News

"Magical Habits" by Monica Huerta
New York Times names Magical Habits “striking debut" Posted August 26, 2021 Monica Huerta is Assistant Professor of English and American Studies at Princeton University. In Magical Habits, she draws on her experiences growing up in her family’s Mexican restaurants and her life as an academic to sketch out habits of living that allow us to consider what it means to live with history as we are caught up in it and how those histories bear on our capacities to make sense of our lives.
Esther "Starry" Schor image
Schor named chair of the Humanities Council Posted August 26, 2021

Esther “Starry” Schor, the Leonard L. Milberg ’53 Professor of American Jewish Studies and professor of English, has been appointed chair of Princeton University’s Humanities Council. She is also director of the Program in Humanistic Studies and the Stewart Seminars in Religion and serves on the Executive Committee of the Program in Judaic Studies.

Silma Berrada - Co-winner: Wood Legacy Prize
Silma Berrada '22, named co-winner of the George B. Wood Legacy Junior Prize for the Class of 2022. Posted August 25, 2021 Senior concentrator, Silma Berrada, has been named co-winner of the George B. Wood Legacy Junior Prize for the Class of 2022. This prize is awarded annually to an undergraduate in the senior class in recognition of their exceptional academic achievement during their junior year at Princeton. Chair of the Department, Simon Gikandi shared, "We are delighted for the honor that you have brought to the English Department!"
Intersections Lecture Series announcement
Announcing the Intersections Lecture Series Posted August 24, 2021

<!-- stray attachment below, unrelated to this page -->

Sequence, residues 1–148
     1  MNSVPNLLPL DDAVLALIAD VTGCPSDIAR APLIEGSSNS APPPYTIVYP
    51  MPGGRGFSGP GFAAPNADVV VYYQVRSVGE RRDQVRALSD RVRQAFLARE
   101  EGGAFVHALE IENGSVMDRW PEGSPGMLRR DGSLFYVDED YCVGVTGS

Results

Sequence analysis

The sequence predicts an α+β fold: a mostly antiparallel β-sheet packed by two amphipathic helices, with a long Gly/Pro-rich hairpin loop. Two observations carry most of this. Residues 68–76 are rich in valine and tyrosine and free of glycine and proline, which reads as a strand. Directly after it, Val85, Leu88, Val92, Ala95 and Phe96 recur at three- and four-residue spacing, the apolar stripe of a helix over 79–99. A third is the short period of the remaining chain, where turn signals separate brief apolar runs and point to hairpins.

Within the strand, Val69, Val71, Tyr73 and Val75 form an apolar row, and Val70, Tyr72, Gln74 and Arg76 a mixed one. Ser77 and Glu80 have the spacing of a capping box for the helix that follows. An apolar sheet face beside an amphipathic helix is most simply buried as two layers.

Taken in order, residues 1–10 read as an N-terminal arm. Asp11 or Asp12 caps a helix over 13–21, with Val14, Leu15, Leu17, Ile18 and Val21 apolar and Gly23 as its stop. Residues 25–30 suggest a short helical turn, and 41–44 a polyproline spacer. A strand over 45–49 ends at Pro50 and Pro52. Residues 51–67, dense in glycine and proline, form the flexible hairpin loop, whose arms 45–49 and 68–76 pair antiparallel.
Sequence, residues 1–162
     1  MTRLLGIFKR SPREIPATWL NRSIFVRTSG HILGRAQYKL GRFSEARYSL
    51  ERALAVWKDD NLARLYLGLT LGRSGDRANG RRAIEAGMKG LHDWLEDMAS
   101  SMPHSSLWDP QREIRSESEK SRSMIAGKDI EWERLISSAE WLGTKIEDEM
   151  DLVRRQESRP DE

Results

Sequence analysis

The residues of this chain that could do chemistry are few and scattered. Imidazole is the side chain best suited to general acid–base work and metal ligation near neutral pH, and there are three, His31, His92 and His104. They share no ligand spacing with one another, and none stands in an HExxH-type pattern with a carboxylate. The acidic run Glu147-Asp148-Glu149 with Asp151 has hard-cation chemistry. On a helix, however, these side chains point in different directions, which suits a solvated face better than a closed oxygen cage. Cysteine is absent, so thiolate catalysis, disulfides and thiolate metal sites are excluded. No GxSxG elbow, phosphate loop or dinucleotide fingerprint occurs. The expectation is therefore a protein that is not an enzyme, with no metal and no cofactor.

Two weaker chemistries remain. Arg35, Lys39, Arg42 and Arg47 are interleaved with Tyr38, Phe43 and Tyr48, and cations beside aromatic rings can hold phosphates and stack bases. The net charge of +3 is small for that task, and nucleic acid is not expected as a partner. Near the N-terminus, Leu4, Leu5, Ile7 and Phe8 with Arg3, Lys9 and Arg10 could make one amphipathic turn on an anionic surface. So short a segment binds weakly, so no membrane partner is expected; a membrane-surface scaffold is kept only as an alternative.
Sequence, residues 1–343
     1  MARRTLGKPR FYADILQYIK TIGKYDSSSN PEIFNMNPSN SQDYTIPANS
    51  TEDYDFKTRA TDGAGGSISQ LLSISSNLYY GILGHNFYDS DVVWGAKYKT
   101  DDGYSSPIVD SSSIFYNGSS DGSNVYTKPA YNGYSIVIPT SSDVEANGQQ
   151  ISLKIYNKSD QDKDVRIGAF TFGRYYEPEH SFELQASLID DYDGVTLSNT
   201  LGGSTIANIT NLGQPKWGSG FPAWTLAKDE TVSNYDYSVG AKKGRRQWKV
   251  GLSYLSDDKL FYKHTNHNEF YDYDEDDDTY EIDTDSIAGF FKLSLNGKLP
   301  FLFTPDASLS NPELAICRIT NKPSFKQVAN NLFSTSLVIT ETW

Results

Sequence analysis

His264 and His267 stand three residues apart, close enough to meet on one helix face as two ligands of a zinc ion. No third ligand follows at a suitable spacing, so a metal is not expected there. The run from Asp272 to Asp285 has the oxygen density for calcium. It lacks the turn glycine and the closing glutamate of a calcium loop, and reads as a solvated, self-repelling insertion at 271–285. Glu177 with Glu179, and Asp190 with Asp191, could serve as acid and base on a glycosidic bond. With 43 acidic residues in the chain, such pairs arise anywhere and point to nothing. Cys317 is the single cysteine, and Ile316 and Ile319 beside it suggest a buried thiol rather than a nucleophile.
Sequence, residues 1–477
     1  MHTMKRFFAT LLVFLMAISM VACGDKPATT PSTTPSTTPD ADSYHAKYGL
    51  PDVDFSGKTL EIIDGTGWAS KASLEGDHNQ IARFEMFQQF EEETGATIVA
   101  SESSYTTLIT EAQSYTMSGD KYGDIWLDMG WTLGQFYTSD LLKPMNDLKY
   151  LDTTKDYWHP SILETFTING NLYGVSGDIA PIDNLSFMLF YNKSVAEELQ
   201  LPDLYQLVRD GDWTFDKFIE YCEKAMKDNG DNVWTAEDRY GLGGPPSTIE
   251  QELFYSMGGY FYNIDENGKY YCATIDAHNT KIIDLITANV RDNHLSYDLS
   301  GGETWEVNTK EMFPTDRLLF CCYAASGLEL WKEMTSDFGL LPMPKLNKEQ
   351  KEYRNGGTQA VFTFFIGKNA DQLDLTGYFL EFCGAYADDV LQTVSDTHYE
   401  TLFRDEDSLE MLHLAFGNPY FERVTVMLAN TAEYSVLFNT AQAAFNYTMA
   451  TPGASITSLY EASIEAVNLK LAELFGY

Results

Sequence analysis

The Intersections Lecture Series this year represents a department wide collaboration to bring to campus scholars whose work on race, difference, and social justice has remapped disciplinary boundaries and redefined how we think about the relationship between critical theory and social activism. 

Austen - Johnson / Tuite library talk
'30 Great Myths About Jane Austen' with Claudia Johnson and Clara Tuite (online) Posted June 21, 2021

Was Jane Austen the best-selling novelist of her time? Are all her novels romances? Did they depict the traditional world of the aristocracy? Is Austen’s writing easy to understand? Well into the 21st century, Jane Austen continues to be one of the most compelling novelists in all English literature. Authors Claudia L. Johnson and Clara Tuite joins us to discuss the accepted beliefs ― both true and untrue ―that have most influenced our readings of Austen. 

See further information here.

Gene Andrew Jarrett
Gene Andrew Jarrett, English Department alum, named Princeton's next Dean of the Faculty Posted May 27, 2021 Gene Andrew Jarrett, the Seryl Kushner Dean of the College of Arts and Science (CAS) and Professor of English at New York University, will become Princeton’s next dean of the faculty.
Graduate Student Prize Winners
Graduate Students Honored for Excellence in Teaching Awards Posted May 26, 2021 The Department of English celebrates the four graduate students honored for their significant contributions and exemplary teaching practices in the face of the extraordinary circumstances faced in this academic environment.